Wednesday, October 26
Four of us drove something over 400 miles on the Colorado plains today, chasing stilldavid's third high-altitude balloon.
A lessons-learned list from this round (shorter than last time).
An extra person does make a world of difference. Completely different experience.
I was skeptical, but adding stabilizer rods out the sides of the payload to increase rotational inertia (and reduce spinning) seems to have worked. Caveats: it wasn't as windy this launch, I'm not sure quite how we'd measure it, and we should have taped the joints on the graphite kite-frame rods.
This 98¢ foam faucet cover: a killer prefab payload box.
I may amend this in the morning when I think of other things. It's been a long day.
Purchased at Absolute Vinyl today in lieue of records because I don't have a record player:
Maybe I was just feeling especially in touch with this version of myself who once harbored vague bohemian aspirations while misunderstanding everything and living unhealthily in a plains-state capital.
i've got this friend has a real knack
for turning all his successes into defeats
he's got a range of techniques, but in the end
he pretty much just does it
by dint of sheer belief
You Are Not a Gadget, Jaron Lanier: I expected to find myself sympathetic to the aims of this one, and to a extent I did, but somewhere around halfway through I decided that I had reached my personal quota for exclaiming "bullshit!". I do not expect to finish it.
Lanier is clearly a smart guy, and obviously has been around the culture he sets out to criticize for a long time. The problem is that it's not quite possible to reconcile his understanding of that culture with lived experience. He seems to be generalizing from his corner of elite media-darling nerdery to the whole thing, and the generalizations break: Again and again, some facet of the model will be subtly but substantially wrong, bogged down in mysticism, or just determined to obscure meaningful distinctions.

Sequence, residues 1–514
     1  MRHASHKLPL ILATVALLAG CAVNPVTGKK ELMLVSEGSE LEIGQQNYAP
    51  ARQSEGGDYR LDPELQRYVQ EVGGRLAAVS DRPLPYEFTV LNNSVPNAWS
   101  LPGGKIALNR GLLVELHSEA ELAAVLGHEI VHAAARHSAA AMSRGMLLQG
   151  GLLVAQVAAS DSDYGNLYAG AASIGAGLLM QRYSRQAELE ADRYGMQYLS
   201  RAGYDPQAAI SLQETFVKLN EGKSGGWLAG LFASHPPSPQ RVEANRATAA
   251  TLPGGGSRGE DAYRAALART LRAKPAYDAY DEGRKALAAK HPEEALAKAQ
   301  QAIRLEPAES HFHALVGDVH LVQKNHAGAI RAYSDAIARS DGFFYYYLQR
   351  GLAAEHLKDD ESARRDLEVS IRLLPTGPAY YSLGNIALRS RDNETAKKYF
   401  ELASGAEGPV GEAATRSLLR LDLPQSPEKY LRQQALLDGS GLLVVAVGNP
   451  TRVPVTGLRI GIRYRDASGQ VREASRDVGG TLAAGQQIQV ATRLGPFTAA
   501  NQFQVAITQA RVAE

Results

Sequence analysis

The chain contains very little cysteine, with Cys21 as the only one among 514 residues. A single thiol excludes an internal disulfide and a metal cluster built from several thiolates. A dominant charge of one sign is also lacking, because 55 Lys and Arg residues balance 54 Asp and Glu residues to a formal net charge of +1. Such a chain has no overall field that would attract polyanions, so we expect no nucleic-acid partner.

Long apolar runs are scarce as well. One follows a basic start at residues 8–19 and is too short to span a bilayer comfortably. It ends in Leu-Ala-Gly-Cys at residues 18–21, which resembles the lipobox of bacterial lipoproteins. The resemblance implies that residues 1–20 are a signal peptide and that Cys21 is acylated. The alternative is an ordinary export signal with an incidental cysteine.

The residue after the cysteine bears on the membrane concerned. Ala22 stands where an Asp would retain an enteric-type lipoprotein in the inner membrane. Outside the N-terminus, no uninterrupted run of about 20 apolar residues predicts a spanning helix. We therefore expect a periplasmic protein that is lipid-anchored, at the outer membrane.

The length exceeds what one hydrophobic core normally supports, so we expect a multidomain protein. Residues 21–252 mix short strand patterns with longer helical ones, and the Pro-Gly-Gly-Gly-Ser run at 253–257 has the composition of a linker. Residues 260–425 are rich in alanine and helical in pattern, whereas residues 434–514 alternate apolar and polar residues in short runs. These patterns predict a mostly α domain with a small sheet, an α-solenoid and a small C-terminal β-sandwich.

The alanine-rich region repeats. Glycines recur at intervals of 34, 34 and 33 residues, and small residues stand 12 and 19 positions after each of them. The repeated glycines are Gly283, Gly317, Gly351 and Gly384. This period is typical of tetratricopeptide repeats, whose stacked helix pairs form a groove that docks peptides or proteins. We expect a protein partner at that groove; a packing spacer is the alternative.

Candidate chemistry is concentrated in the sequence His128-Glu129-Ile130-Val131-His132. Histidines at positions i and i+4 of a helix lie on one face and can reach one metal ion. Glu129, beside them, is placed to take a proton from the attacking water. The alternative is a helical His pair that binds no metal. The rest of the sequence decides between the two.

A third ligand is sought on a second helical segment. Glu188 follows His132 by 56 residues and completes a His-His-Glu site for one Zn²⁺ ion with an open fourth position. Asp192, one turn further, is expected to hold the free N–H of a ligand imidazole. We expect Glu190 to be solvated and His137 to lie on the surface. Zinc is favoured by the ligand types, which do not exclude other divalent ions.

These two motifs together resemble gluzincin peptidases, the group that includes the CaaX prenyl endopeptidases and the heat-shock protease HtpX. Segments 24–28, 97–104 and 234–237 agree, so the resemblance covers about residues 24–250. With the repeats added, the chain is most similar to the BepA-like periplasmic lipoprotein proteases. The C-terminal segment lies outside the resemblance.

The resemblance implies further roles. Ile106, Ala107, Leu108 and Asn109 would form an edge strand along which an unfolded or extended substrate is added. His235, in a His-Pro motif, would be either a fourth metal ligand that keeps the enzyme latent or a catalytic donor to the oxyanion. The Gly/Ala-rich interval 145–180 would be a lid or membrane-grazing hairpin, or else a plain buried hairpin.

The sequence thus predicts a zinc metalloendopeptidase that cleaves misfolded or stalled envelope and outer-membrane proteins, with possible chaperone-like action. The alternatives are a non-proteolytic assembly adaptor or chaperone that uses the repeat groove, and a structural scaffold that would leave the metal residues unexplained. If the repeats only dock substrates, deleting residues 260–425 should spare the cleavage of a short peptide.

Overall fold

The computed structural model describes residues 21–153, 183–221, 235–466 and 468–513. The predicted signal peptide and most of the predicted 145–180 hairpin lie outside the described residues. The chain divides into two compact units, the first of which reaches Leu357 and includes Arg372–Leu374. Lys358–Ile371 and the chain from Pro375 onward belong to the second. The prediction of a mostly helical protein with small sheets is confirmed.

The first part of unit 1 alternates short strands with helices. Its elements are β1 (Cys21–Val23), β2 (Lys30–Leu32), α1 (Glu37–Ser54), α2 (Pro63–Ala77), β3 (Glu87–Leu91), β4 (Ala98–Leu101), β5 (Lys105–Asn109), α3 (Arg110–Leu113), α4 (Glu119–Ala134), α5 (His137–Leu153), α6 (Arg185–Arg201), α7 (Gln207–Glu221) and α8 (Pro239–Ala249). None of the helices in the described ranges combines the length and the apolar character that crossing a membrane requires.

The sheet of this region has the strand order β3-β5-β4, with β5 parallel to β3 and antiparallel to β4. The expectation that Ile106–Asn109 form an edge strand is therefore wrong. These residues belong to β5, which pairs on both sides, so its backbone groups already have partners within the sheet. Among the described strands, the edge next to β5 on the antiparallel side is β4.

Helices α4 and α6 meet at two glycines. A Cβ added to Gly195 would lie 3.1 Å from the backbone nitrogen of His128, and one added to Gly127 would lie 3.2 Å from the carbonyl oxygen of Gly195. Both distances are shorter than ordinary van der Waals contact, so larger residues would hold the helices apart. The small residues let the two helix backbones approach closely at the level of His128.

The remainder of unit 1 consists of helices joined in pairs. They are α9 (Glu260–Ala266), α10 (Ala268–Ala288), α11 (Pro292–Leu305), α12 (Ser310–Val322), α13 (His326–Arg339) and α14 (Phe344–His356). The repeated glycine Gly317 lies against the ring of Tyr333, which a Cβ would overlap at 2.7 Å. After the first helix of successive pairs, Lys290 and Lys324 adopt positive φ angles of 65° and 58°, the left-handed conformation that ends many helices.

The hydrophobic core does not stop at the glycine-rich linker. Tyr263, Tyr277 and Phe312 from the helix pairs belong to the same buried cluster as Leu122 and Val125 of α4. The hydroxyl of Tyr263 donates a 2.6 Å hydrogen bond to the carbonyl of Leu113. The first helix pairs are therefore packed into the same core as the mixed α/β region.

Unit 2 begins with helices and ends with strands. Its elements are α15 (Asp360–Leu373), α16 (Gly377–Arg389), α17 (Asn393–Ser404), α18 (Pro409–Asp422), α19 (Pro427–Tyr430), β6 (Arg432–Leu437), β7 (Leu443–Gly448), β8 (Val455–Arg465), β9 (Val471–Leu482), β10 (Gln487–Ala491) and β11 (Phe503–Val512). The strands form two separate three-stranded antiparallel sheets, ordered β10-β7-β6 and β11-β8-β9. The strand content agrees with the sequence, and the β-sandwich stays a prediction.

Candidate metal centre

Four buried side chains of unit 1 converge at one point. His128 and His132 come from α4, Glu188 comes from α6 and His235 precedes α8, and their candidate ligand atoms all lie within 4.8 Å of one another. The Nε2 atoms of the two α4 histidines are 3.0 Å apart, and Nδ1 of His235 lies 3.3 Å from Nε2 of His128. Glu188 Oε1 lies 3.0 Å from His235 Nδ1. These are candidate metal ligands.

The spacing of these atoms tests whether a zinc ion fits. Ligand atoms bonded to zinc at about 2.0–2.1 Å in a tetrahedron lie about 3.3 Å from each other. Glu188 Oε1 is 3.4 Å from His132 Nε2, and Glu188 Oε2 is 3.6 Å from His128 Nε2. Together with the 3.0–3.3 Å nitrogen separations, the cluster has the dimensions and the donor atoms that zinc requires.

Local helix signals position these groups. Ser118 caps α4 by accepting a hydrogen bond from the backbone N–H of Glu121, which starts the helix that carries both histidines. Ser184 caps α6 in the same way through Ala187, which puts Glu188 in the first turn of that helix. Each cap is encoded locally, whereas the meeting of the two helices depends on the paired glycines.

All of this is too bad, because a lot of his targets – Facebook, the present narrative around "the cloud", transhumanism, Chris Anderson's extensive bullshittery – are ripe for a serious conceptual monkeywrenching.
Maybe I'll come back to this in a month or three and give it another go. I can't say it didn't make me think.
REAMDE, Neal Stephenson: This is a less "serious" book than Lanier's. In fact, it's pretty ridiculous. Not the kind of intellectual effort that made Anathem (Stephenson's last) so good. It also has some of that fuzzed-out / flattened effect you'll get when a writer has been off in distant timeframes for a pile of massive novels and then returns to some more contemporary genre. These things said, it's so far pretty absorbing, and there are ideas. With Stephenson, there are pretty much always ideas, and you can usually tell that some of them are going to be useful.
The Management Myth: why the "experts" keep getting it wrong, Matthew Stewart: If you're looking to reinforce a gut-level suspicion that "scientific management" is one giant, hilariously ramified con job, this may be right up your alley.
War is a Force That Gives Us Meaning, Chris Hedges: 30 or 40 pages in and I'm pretty depressed, so I'm pretty sure it's working, but so far it's more in the way of a meandering personal meditation than a coherent argument.
The Complete Poetry & Prose of William Blake, David V. Erdman (ed.), Harold Bloom (commentary): Realistically, I am never going to read more than a fraction of this. It's massive, and besides being a visionary genius, Blake was clearly a raving lunatic. Still, I'm glad it's on my shelf.
At some point in a certain kind of life, you realize that you've become unutterably boring. Not that things of consequence have altogether stopped happening, or that you've lost interest in what you're doing, necessarily – just that it all becomes sort of submerged and uncommunicable, where it's not just static. A friend will get in touch for the first time in a year or two and you'll realize: I have literally nothing to tell this person about my life.
You, the Internet, are sort of like that friend. Lately I think that I should write something. And then I think, yeah, like, I could talk about how I got up today and thought about databases and felt pretty good about myself 'cause I made coffee before I left the house. The Internet would find that fascinating.